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Bly Nellie - In a time when men widely believed a woman's place was in the home, Nellie Bly (pen name of Elizabeth Cochrane), a pioneering female reporter for the New York World, set out trying to circle the globe faster than fictional character Phileas Fogg in Jules Verne's popular novel Around the World in Eighty Days. Her trip was a publicity stunt designed to boost the circulation of Joseph Pulitzer's thriving newspaper, a mixture of crusades championing the rights of the city's downtrodden masses and stories seething with sex, crime, and scandal.
The same day -- November 14, 1889 -- that Nellie Bly embarked for the port of Southampton, England, another woman, Elizabeth Bisland, an arts-and-culture editor for The Cosmopolitan magazine in New York, was dispatched round the earth in the opposite direction in an effort to beat both Nellie Bly and Verne's already legendary creation.
Nellie Bly  completed the world tour in 72 days, 6 h. 11 min. 14 sec.
Here you can download the book of Bly 

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Champion Tramp - New York to San Francisco nysfr.jpg (54486 bytes)
Cocteau Jean - French - It was actually Cocteau's Algerian companion Marcel Khill who suggested the 1936 80 Days trip. To make the deadline Cocteau and Khill took an airplane over the American West (that Cocteau himself felt this was cheating is signalled by his need to rationalize it on the grounds Verne overestimated USA rail speed in his published account.) cocteau.jpg (18406 bytes)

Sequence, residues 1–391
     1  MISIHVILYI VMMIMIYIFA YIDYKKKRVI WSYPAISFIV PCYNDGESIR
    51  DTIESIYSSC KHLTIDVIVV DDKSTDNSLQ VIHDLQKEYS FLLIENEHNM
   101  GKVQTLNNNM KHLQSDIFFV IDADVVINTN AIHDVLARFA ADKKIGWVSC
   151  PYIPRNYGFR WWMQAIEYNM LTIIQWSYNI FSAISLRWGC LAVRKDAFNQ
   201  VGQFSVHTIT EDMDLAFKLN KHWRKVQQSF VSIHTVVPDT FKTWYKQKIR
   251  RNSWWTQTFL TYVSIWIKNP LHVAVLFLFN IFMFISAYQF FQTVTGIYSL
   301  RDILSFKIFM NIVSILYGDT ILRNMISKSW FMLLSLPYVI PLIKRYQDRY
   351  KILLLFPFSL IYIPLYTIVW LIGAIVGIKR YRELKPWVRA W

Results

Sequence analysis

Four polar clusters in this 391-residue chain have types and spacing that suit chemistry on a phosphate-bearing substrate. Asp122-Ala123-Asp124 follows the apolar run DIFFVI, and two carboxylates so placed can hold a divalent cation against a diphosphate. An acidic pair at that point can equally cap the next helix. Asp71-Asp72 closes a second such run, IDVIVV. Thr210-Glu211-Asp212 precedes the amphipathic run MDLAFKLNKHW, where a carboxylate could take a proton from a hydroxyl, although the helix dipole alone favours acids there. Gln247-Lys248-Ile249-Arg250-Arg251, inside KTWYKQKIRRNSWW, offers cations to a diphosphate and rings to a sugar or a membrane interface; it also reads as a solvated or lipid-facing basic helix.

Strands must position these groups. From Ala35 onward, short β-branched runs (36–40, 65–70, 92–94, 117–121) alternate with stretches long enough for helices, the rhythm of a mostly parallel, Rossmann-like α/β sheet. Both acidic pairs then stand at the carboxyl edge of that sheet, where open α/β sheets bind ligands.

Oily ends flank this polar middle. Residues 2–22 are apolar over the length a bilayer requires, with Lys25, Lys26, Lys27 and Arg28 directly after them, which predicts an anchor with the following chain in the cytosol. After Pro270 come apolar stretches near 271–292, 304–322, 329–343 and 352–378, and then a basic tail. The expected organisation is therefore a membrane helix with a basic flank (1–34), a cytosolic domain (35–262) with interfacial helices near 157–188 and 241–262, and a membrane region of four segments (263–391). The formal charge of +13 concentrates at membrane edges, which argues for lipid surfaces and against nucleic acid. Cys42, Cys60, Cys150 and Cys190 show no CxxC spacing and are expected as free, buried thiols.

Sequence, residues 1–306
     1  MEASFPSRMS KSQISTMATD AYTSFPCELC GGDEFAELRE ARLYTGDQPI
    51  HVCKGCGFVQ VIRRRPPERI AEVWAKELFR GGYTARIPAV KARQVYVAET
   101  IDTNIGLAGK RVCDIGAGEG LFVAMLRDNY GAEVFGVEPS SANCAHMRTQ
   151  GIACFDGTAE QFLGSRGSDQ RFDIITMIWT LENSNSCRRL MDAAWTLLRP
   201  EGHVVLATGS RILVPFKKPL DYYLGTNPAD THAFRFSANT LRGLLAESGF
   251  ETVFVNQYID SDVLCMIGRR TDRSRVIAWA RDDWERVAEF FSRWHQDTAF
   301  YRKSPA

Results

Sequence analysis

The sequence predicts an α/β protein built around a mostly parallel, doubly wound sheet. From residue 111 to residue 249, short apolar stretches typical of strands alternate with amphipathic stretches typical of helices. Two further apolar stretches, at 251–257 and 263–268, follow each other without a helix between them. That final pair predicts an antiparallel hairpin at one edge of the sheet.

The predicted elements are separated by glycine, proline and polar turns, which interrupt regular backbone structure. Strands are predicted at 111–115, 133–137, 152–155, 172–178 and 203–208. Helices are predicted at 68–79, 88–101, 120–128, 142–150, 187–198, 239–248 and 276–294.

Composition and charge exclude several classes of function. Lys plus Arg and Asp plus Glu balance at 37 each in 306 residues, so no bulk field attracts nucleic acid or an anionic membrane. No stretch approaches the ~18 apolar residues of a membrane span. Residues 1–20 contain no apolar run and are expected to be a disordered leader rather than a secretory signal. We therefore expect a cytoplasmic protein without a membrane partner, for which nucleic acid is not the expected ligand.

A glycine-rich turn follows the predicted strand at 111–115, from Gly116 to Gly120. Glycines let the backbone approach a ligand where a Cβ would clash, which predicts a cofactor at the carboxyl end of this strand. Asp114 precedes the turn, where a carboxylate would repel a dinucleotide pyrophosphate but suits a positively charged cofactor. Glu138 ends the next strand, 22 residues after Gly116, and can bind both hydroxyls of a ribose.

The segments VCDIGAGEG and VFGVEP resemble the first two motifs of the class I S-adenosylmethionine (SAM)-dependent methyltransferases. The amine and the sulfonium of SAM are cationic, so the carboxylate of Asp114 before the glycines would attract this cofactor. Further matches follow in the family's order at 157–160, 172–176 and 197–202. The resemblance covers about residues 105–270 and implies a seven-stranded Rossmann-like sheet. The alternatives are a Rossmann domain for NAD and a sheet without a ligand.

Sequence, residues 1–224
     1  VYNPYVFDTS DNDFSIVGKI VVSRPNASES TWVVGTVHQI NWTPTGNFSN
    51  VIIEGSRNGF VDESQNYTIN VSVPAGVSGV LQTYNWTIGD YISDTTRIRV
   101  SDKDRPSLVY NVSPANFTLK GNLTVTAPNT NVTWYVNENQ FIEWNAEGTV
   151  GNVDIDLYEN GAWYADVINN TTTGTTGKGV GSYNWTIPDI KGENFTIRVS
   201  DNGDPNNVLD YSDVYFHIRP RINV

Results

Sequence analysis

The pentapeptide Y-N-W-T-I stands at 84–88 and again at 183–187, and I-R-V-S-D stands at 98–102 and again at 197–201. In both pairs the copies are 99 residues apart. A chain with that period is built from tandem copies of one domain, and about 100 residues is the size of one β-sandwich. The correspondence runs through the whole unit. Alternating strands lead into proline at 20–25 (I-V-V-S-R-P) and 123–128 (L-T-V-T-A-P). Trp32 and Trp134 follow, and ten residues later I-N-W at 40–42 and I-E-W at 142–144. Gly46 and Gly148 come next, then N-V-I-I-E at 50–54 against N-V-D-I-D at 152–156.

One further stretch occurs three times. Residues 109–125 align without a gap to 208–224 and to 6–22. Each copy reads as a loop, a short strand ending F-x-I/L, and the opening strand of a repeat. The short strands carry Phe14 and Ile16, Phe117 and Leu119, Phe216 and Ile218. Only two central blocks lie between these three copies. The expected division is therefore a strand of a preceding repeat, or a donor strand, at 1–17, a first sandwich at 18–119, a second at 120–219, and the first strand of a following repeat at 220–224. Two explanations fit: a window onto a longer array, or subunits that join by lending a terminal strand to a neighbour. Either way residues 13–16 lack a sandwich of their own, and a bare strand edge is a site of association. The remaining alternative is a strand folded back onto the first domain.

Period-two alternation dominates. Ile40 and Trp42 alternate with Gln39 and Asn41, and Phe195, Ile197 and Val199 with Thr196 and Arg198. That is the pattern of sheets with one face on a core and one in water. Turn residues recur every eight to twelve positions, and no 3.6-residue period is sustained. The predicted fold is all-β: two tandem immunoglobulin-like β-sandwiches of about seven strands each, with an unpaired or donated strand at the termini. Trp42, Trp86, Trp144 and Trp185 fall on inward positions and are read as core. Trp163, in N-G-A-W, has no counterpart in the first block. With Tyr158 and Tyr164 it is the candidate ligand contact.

Fitzmorris Charles - He circumnavigated the earth setting a record for going round-the-world faster than any other human had previously done. He departed Chicago, IL and 60D 13H 20M later he returned there completing his journey round-the-world carving his record-setting position into history. 

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Feri Rehak - World tour with train, ship, auto, airplane, riding, skiing, sled dog,.... ferirehak.jpg (31522 bytes)
Fogg William Perry - World tour in 1896/ 1871c, published a book in 1872.


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Gamler Harry -522 Main Street BUFFALO gamler1.jpg (137916 bytes) gamler2.jpg (131090 bytes) gamler3.jpg (30615 bytes)